Lifting of immunities, a nightmare for HDP deputies

Published 17.06.2016 00:52
Updated 17.06.2016 00:58
Damage caused by the PKK in the predominantly Kurdish southeastern city of Diyarbakır on May 22, 2016.
Damage caused by the PKK in the predominantly Kurdish southeastern city of Diyarbakır on May 22, 2016.

HDP deputies, some of whom are acting as the political personnel of PKK militants, started to sweat after Parliament's decision to lift immunities

Deputies from the Kurdish nationalist Peoples' Democratic Party (HDP) have now realized that they will be made to account for their active support and cooperation with the PKK terrorist organization and thus they are trying to create an image of being the underdogs. They are making new futile efforts to collect enough signatures in Parliament to be able to refer the constitutional change on lifting parliamentary immunities to the Constitutional Court and thus secure an annulment. They need the support of at least 60 Republican People's Party (CHP) deputies to be able to seek this annulment. That seems to be a distant possibility. They have already tried to appeal against the lifting of immunities through individual applications, but were turned down by the Supreme Court.

Meanwhile, the judicial process is continuing. The prosecutors are sending out invitations to all 148 deputies from various political parties who face charges. They will be required to be interviewed by prosecutors, after which the prosecutors will decide on whether to press charges in court. CHP leader Kemal Kılıçdaroğlu also faces charges for slander, insults and character assassination. He too will be asked to meet the prosecutors and face questioning. However, there is a general agreement among the prosecutors that all the deputies will be treated with the utmost respect, nothing will be done to give the impression of judicial harassment or humiliation. The Justice Ministry is very particular about this issue and has ordered that the utmost care be taken.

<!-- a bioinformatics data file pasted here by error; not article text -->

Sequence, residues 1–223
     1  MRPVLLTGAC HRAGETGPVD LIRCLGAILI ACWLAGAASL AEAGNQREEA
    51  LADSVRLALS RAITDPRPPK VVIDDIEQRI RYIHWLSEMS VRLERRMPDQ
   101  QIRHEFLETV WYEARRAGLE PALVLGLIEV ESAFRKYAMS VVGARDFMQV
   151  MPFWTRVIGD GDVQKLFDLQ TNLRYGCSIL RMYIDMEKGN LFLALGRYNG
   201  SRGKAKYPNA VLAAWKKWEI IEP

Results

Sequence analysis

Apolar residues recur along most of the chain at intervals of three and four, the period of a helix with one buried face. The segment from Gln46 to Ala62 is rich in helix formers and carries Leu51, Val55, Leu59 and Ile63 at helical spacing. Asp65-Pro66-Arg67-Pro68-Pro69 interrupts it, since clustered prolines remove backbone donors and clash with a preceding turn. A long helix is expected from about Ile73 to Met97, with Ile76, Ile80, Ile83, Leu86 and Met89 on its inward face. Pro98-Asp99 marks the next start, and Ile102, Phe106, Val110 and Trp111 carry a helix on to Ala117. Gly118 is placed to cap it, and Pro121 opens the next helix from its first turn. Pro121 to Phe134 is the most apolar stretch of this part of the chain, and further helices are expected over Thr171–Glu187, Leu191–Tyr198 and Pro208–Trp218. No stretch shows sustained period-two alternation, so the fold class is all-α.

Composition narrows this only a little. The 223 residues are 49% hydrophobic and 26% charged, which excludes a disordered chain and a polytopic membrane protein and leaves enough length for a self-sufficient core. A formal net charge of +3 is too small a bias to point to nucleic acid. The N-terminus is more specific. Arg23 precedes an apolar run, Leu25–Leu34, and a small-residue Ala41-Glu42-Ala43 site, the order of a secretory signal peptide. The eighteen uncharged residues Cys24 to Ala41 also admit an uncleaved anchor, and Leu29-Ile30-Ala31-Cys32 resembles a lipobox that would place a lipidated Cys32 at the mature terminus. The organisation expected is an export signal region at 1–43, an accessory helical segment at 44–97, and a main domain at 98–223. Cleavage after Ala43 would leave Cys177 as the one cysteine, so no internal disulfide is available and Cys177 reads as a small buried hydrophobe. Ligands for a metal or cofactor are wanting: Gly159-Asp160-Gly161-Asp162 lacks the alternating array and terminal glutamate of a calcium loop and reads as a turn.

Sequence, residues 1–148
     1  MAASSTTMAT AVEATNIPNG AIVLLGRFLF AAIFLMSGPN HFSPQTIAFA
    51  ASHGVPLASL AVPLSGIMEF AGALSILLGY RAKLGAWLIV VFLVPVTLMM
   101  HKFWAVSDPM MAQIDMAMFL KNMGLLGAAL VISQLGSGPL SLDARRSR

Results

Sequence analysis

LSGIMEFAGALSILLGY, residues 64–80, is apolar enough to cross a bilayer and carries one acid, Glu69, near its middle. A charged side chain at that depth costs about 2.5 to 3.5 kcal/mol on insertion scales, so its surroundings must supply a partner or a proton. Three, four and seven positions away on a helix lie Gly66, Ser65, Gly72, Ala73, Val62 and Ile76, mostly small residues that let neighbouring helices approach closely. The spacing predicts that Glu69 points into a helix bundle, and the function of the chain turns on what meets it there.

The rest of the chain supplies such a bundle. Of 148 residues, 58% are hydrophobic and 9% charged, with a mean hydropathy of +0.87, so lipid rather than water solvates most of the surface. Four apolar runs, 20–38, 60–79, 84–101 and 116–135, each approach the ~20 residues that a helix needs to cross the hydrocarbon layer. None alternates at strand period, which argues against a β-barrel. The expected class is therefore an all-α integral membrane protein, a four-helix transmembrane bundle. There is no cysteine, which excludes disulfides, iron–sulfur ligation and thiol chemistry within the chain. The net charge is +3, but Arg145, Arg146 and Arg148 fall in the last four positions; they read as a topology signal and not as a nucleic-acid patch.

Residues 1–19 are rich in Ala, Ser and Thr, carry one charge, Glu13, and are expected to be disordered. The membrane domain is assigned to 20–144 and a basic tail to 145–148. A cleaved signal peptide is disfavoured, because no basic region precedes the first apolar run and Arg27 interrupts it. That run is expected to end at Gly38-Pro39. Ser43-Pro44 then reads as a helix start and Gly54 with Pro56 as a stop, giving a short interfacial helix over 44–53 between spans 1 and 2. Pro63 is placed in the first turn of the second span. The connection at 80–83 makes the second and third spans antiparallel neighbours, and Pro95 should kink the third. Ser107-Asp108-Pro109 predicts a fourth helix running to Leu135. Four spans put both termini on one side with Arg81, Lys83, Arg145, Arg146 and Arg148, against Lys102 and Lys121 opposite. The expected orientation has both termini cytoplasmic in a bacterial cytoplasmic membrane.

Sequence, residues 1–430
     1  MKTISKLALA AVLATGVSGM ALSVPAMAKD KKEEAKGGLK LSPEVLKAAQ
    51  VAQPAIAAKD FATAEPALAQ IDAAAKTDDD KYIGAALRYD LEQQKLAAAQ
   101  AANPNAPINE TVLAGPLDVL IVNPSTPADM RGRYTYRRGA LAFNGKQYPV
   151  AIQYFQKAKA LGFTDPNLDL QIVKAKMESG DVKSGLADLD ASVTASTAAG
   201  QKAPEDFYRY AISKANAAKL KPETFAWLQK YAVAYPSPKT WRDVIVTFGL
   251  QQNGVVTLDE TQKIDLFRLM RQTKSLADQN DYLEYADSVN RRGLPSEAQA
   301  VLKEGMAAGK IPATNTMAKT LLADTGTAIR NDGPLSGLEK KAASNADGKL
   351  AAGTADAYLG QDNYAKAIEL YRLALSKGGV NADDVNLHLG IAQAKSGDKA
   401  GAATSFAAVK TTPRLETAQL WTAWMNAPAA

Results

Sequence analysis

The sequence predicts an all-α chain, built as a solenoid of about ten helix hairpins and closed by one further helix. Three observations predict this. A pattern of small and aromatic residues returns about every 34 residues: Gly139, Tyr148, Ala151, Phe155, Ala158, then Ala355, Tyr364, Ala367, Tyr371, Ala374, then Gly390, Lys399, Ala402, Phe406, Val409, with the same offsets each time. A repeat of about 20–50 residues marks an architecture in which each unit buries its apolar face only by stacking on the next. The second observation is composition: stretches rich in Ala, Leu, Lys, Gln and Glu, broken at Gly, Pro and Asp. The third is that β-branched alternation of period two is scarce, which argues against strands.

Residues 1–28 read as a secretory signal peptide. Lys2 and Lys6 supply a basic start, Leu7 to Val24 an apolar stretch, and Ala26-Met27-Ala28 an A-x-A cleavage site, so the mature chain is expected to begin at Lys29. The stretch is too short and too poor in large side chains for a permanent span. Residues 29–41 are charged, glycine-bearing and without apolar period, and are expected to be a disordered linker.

Sources close to the Justice Ministry and the state prosecutors say the HDP deputies who are currently under investigation will be handled with care, they will not be treated as terrorist sympathizers. However, they will be asked to account for their actions and will be required to cooperate with the authorities. There will be no mass arrests, no harassment or any actions that will give the impression that the HDP deputies are being singled out.

At the end of the day, only deputies who have been caught giving outright support to the PKK and those who have cooperated actively with the terrorists will be prosecuted. After all, if you carry arms for the PKK exploiting your parliamentary immunity and you get caught, or if you say you are a fighter of secessionism and eulogize deceased terrorists, then you will face prosecution. Going to the funeral of a PKK terrorist is not a crime though it serves to antagonize the Turkish public. Visiting the condolence house of a PKK suicide bomber who has killed dozens of innocent civilians in the heart of Ankara is inhumane and evil but it is not a crime according to law. But speaking out in support of the terrorists and applauding their actions is a crime everywhere in the world.

The deputies in Parliament should not be as panic-stricken as they are now. Their concerns are misplaced. No one is "out to get them." The people of this country are extremely angry that people they have elected to Parliament have used the immunity shield to support and cooperate with terrorists. Those deputies are the ones that should be concerned. It seems those deputies are unaware of what they have done and there are reports that they have left the country and are now on the run...

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